Sunday, October 2, 2011

A more solemn posting

Sorry for our absence, blog-o-sphere. It's actually not because we've been boring, but moreso because we were out of town for five days, which meant several days of frantic preparation (all on my part--packing and trying to get teaching materials prepared for my TA), and then several other frantic days of catch-up.

The reason for our last-minute trip was less than ideal--my grandmother passed away, after over a year in a nursing home and a diagnosis of dementia (believed to be Alzheimers type). Before moving on with details of our trip, which for the most part was a great several days filled with family and considerable laughter, I feel compelled to write a little something about my grandmother.

It's funny how as someone so much younger, I feel at somewhat of a loss to describe her personality. What I have most is snippets of memories from the last thirty years. Christmases in Park Ridge, Illinois, and summers at the family cottage in Michigan. Cheese sandwiches for lunch, the cheese neatly kept in square tupperware containers. Watching her drink tea on the cottage porch while reading a newspaper, or playing solitaire in the evenings. Visiting Grandma for a few days by myself and getting to ride the then-intimidating El train with her to dirty downtown Chicago, where I accompanied her to her job at Encyclopedia Britannica. Then, over the last several years, sitting on her futon couch in Madison, listening to classical music and telling her about things at graduate school. Bringing my friends to the cottage in the summer, including that memorable Bollywood performance which Grandma asked us to repeat at the top of the hill before we left town. Small moments, all of these, but they will stick with me.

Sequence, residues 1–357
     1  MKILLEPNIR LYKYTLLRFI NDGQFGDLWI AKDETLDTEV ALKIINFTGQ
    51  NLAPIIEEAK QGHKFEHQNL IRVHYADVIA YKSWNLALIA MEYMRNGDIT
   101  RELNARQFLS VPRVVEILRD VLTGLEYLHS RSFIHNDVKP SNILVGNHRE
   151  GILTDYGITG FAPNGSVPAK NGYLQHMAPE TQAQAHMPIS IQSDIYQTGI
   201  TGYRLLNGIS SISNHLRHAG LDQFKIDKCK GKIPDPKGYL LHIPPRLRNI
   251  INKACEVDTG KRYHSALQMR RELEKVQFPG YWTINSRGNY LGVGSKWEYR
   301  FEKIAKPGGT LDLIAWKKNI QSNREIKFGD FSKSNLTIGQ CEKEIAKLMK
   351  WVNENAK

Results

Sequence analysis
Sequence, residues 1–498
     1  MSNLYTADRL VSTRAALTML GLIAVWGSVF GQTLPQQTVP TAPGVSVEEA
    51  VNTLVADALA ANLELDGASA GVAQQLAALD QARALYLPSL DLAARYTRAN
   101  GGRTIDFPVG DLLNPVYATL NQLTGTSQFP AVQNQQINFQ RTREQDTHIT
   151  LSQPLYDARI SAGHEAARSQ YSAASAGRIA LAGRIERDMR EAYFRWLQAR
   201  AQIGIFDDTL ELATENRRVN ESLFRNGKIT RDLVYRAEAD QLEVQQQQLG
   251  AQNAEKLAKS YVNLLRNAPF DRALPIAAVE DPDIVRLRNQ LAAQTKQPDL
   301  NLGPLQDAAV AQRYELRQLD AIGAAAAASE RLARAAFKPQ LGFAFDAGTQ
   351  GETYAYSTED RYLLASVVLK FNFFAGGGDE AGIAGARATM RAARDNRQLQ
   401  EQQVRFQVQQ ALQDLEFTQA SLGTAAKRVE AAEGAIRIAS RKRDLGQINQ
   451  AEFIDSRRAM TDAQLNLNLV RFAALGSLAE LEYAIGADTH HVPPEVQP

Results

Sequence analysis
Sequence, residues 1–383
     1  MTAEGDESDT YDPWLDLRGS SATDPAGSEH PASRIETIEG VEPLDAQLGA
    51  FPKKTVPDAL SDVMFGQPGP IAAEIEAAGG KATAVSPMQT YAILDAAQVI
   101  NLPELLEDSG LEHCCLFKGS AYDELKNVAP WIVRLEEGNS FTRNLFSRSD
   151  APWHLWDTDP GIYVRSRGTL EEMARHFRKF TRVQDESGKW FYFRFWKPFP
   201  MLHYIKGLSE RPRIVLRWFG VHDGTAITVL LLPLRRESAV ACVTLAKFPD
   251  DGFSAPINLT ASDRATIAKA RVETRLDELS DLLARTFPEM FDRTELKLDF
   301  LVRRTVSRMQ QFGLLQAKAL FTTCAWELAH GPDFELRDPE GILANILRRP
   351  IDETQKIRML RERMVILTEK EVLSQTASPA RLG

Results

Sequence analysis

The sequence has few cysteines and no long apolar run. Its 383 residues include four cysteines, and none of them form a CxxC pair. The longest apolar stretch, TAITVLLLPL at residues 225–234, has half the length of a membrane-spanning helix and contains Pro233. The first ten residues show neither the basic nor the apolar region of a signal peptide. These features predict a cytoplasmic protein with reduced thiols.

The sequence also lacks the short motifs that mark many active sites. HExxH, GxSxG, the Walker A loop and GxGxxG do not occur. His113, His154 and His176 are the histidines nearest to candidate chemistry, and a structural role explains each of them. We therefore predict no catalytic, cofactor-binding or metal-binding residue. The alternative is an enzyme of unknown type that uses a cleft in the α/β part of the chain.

Obviously, I am sad to see her go, although I feel the last time I truly saw her was a year and a half ago, on my last visit to Madison before I left for internship. We looked through her books, through her belongings, for things that I might like. And right now, in my apartment in Fayetteville, I'm staring at the wooden Don Quixote and Sancho Panza she left me. There are pieces of her around my apartment, both explicit (beer stein from her shelf) and implicit (my enjoyment of puns).

More importantly, I realized how lucky I am. Lucky to have met three of my great grandmothers, and lucky to have known two grandmothers into my thirties. I've gone through adolescence and my adult life to date only experiencing the somewhat distant deaths of my great many people can say that? So, in addition to sadness, mostly I feel thankful to have spent this much time with my mother's mother, and grateful that my father's mother is still around.

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